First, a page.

Vermont Business Magazine Housing developers, business leaders, smart growth policy experts and poverty advocates joined together Wednesday to call on the Legislature to pass a $35 million housing bond. The housing bond was recommended by Governor Scott in his budget proposal. The advocates, who gathered at a State House press conference, said it would address a significant need for affordable housing in Vermont, help to alleviate homelessness, house the workforce, and provide expanded homeownership opportunities for Vermonters. Business has also supports it, as it would bring more development activity to downtowns. Legislators, however, have balked at the $2.5 million cost associated with the bonding. A plan in the Senate to use a $2 per night hospitality occupancy fee to pay for the bonding met with widespread objection. The original bill (S100) called for the funds to come from the property transfer tax. The bill is now languishing in Senate Appropriations.
“Every night, our shelter, just like shelters across the state, is full of people who need and deserve a home,” said Sara Kobylenski, Executive Director of the Upper Valley Haven, based in White River Junction. “We have allowed ourselves to slide into an alarming housing deficit, and the most vulnerable people in our communities are suffering for it. It’s time to support a $35 million housing bond.”
The $35 million housing bond would also act as a stimulus package, generating millions of dollars of economic activity through the creation of hundreds of jobs and the purchase of goods.
“Housing construction is critical piece of our economic engine, and this proposal promises to create hundreds of good paying jobs. It’s also vital to employers who say time and time again how hard it is for their employees or prospective employees to find adequate, affordable housing,” said Tom Torti, President and CEO of the Lake Champlain Regional Chamber of Commerce.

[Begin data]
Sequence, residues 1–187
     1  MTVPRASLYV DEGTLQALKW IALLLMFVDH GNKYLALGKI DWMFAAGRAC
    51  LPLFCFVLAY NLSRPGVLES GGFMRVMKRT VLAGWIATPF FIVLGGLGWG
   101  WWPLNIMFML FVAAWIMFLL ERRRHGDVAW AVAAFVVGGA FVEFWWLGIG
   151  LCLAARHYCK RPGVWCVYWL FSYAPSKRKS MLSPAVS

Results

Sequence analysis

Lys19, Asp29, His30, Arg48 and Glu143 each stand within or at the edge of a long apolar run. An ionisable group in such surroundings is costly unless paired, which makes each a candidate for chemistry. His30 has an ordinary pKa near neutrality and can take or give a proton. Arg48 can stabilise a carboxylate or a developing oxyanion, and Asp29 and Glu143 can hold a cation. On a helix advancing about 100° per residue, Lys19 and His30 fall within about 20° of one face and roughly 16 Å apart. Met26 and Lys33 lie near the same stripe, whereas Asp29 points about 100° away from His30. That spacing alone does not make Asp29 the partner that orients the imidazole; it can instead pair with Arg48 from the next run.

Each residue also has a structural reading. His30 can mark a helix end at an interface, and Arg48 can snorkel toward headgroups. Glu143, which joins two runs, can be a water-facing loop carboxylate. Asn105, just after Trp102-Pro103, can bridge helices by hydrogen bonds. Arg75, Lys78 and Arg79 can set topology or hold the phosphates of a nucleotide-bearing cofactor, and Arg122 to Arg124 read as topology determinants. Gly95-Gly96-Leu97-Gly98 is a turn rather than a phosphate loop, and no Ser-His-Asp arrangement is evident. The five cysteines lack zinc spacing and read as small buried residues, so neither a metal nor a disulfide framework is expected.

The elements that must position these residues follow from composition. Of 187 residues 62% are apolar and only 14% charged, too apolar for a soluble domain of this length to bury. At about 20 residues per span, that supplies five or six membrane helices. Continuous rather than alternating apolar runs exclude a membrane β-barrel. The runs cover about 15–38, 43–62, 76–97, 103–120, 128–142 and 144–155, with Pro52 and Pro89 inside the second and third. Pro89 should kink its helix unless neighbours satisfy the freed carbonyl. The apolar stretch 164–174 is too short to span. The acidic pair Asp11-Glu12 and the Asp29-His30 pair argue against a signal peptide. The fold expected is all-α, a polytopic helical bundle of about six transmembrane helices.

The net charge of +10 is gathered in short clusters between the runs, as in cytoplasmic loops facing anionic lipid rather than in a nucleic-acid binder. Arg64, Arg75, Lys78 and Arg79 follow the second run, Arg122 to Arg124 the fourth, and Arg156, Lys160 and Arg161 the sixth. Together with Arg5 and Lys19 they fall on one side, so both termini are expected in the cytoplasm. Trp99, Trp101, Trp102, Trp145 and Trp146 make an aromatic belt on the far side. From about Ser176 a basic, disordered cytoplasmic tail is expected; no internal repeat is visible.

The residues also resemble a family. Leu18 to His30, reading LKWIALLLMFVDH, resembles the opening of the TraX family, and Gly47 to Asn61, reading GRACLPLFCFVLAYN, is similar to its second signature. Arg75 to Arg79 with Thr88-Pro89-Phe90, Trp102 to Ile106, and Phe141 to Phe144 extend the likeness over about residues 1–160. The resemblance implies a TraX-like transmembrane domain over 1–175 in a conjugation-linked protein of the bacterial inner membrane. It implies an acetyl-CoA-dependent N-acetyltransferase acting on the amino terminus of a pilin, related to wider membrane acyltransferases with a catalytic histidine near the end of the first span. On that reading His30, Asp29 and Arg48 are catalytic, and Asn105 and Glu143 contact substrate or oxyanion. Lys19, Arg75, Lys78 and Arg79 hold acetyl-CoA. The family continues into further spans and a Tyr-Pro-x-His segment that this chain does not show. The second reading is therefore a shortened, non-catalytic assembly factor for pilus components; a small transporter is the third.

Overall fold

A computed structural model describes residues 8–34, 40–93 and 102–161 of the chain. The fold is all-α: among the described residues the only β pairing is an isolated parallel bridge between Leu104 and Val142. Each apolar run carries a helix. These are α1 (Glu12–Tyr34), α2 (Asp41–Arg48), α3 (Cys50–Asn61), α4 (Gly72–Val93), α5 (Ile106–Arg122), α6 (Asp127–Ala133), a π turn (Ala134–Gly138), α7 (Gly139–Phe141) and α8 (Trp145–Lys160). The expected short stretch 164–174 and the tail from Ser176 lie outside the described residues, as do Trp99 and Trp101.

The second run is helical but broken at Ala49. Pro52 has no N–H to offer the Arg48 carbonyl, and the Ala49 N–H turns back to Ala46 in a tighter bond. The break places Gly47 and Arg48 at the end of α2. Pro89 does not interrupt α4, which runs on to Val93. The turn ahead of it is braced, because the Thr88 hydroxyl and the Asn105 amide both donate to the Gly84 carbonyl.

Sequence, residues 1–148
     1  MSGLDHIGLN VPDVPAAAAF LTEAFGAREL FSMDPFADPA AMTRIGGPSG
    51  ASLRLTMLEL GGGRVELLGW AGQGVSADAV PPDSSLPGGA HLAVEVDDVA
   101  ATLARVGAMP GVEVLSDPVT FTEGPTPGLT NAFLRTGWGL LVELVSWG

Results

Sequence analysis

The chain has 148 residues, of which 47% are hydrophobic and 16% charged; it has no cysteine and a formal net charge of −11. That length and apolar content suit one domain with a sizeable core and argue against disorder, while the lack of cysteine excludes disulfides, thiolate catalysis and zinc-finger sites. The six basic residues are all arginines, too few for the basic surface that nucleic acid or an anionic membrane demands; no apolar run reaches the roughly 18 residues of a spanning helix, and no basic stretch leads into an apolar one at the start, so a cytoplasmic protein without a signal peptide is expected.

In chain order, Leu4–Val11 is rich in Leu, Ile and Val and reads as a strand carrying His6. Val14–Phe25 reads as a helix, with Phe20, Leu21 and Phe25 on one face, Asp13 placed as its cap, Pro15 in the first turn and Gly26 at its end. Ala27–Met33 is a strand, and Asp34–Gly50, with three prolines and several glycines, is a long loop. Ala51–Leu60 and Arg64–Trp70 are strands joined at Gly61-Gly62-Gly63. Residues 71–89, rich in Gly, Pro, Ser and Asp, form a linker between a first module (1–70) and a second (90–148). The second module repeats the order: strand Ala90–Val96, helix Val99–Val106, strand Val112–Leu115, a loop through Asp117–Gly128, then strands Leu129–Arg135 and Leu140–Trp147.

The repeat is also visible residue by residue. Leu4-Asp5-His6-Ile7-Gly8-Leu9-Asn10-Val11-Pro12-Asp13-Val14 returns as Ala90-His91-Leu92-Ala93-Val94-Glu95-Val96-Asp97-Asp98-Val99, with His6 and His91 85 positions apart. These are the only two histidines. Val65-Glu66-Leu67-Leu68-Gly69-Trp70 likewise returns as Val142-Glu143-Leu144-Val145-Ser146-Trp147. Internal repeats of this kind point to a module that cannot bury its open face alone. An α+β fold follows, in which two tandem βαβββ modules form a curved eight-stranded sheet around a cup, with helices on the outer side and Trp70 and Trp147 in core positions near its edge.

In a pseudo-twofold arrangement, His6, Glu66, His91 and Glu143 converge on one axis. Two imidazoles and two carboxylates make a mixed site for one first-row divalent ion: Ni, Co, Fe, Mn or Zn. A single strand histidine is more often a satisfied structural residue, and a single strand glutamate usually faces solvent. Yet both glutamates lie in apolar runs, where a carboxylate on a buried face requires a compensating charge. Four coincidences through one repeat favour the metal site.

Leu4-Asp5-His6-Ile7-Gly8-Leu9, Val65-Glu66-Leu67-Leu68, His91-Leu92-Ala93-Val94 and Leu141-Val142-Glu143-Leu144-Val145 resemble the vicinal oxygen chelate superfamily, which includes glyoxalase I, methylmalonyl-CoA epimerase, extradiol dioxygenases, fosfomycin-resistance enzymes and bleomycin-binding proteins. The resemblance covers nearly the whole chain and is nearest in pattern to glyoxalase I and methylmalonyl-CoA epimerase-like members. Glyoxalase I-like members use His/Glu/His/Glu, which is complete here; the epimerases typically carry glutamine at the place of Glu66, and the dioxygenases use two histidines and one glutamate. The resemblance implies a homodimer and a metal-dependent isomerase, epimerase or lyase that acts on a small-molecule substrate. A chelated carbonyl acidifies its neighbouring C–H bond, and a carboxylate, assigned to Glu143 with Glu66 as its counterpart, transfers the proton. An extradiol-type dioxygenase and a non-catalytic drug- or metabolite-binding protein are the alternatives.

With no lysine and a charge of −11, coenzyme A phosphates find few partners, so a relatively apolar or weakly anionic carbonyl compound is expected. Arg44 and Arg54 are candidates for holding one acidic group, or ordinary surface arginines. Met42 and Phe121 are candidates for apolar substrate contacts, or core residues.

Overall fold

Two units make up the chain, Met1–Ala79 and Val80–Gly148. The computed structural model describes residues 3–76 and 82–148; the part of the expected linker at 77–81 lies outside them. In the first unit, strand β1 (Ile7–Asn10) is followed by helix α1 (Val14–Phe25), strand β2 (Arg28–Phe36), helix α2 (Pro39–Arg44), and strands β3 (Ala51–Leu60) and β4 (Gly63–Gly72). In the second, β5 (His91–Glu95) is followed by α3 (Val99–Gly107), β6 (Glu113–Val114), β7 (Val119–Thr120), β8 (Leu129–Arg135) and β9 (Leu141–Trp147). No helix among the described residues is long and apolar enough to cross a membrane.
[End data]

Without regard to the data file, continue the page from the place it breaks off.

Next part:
“Housing investment has the ability to revitalize communities, and that’s just what Rutland needs,” added Elisabeth Kulas, Executive Director of the Housing Trust of Rutland County. “We’re looking forward to continuing to move our community forward and this $35 million housing bond will make our neighborhoods more livable.”
The housing bond, as proposed, would be issued by the Vermont Housing Finance Agency, which would deposit the proceeds into the State’s Housing and Conservation Trust Fund. At least 25% of the homes built would need to be targeted at the lowest income Vermonters, and at 25% would be used to develop homes affordable to households earning 80% - 120% of median income. Statewide, median income for a family of four is $70,200. The bond would be repaid over 20 years.
VHCB Report to Legislature on the Housing Revenue Bond
Approximately $35 million for the development and improvement of ownership and rental housing for very low to middle-income Vermonters – protecting the most vulnerable while creating new homes for workers.
The Vermont Housing & Conservation Board will review applications and fund projects for the construction and rehabilitation of multi-family rental and single family housing with an emphasis on creating new homes to ease Vermont’s housing crunch.
The funding source is the proceeds from a housing revenue bond to be issued by the Vermont Housing Finance Agency. Revenue bonds are payable from and secured only by a specific source of revenue and are not a general obligation of the state. The proposed revenue source is the dedication of $2.5 million in annual property transfer tax revenue for the payment of debt service on the bond for 20 years, through 2038. The proposal does not affect Capital Bill bonding under the Debt Affordability Cap.